A couple of weeks ago the General published a statement setting forth his views with respect to the “Jap” menace to the Philippines. So far as anyone could see there was no excuse for the outbreak except that Gov. McNutt had said, in support of his contention that the U.S. should hold on [to] the Islands, that upon independence they would immediately fall prey to the military might of the Japs. The General not only argued that the defenses of the islands would be effective; he rather pooh-poohed the possibility of a Japanese aggression in this region. TJ and I, as usual, recommended against breaking into print; as, as usual, to no effect. Locally, we have seen but one American newspaper comment on the statement. The N.Y. Tribune ridiculed it. When he was insisting that his statement HAD to be published the General discounted the idea that the possibility of antagonizing Mr. McNutt would have any effect on his acknowledged political ambitions because he had decided that the High Commissioner was not going anywhere, and, he concluded, the statement would be acclaimed locally among the politicians; renewing his own popularity and cementing his hold upon his job.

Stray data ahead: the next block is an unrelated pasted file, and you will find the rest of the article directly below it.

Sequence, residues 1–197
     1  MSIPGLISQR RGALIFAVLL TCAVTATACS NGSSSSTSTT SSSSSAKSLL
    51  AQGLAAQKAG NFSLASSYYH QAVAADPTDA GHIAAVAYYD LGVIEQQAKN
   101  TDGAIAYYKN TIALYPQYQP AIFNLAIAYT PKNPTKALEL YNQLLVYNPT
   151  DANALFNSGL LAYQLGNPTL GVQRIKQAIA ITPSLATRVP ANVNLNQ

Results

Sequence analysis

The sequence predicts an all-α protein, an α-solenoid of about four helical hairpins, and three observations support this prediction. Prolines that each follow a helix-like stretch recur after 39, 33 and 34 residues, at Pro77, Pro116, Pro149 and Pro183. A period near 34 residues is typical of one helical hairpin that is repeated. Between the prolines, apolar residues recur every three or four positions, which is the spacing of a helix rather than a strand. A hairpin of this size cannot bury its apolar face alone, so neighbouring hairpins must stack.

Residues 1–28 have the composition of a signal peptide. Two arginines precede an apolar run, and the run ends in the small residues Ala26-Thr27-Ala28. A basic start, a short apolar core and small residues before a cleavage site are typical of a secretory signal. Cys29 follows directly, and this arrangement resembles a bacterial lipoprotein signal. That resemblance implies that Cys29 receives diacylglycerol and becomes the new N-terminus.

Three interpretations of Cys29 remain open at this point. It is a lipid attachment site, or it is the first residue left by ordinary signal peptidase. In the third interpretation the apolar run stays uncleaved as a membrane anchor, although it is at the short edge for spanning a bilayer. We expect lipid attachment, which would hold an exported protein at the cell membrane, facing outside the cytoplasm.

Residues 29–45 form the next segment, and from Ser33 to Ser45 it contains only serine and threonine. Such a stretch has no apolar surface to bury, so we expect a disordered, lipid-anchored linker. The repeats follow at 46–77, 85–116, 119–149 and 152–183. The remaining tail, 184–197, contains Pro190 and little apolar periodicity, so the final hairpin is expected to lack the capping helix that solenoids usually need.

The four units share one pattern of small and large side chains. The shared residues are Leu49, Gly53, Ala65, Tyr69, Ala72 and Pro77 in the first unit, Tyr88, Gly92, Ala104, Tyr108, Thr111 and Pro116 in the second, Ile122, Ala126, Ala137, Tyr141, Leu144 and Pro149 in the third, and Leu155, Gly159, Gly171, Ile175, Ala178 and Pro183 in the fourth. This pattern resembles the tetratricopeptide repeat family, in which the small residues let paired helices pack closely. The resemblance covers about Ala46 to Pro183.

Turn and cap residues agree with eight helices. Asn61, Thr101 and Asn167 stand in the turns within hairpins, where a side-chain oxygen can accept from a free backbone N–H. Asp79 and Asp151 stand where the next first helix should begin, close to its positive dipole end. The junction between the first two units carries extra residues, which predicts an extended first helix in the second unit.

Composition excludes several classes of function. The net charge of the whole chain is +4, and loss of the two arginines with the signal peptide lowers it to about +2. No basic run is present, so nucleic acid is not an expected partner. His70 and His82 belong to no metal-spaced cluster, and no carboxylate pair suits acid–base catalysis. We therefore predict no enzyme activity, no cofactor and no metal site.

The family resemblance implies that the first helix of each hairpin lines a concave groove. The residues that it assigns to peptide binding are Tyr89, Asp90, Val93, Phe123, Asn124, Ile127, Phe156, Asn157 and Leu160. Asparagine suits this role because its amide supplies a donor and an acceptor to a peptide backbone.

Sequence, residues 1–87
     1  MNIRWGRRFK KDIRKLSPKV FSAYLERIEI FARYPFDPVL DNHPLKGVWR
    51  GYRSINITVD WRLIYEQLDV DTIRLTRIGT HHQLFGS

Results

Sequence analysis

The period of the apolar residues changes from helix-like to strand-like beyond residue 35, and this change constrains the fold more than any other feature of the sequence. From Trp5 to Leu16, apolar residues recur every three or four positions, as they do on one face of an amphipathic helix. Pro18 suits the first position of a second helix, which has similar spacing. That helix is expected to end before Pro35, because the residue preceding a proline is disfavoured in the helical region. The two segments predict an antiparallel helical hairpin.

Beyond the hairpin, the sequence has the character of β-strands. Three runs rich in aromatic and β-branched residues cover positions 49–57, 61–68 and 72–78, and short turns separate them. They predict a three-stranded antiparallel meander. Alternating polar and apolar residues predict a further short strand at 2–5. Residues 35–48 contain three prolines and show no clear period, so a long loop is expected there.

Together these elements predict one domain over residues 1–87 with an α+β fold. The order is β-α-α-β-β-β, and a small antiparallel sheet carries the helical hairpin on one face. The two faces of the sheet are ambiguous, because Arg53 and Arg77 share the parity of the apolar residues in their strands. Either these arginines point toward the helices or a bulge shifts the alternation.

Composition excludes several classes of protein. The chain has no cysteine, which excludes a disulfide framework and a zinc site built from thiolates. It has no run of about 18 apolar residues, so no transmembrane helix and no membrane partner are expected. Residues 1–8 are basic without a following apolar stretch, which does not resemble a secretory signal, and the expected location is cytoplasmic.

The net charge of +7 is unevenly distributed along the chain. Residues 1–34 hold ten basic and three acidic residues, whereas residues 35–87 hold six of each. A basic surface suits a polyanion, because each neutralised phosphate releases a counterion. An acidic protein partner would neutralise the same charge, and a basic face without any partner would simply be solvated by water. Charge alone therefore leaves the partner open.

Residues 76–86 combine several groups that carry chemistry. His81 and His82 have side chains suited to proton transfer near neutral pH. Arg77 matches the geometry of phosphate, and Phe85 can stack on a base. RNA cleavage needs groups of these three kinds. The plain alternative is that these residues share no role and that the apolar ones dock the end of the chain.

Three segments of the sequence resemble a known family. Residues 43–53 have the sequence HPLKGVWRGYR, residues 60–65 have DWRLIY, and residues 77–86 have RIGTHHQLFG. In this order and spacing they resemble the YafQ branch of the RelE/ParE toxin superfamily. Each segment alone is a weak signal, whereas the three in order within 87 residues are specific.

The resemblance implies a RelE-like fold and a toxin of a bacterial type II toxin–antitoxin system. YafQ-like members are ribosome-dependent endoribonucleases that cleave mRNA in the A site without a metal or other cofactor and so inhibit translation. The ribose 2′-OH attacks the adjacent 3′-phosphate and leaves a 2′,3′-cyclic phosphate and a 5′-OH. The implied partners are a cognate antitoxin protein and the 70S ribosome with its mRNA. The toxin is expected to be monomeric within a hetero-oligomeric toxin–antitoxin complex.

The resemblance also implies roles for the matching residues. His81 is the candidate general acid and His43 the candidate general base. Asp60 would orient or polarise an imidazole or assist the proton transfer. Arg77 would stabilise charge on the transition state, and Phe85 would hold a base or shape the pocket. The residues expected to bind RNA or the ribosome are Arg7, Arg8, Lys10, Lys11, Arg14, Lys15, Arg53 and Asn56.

A week after the above incident the news came out that Gov. McNutt had accepted an important political job at home under the auspices of the New Deal. This act, in the General’s opinion, immeasurably strengthened the Gov’s political standing, so, post-haste he got off a flowery letter of congratulations, hoping desperately the Gov. would not read anything personal in his argumentative statement of a week earlier.

Two days ago the evening broadcast contained an item to the effect that Congressman Kennedy was recommending to Pres. Roosevelt the appointment of the Gen. as High Commissioner. Burning to secure some political job that would restore the power, prestige and face that he has lost during the past four years through ego, laziness and stupidity the Gen. immediately undertook, characteristically, some of the machinations that he conceives to be clever. He wired Steve Early, Congressman Van Zandt, and Simpson, a newspaper man, asking their support.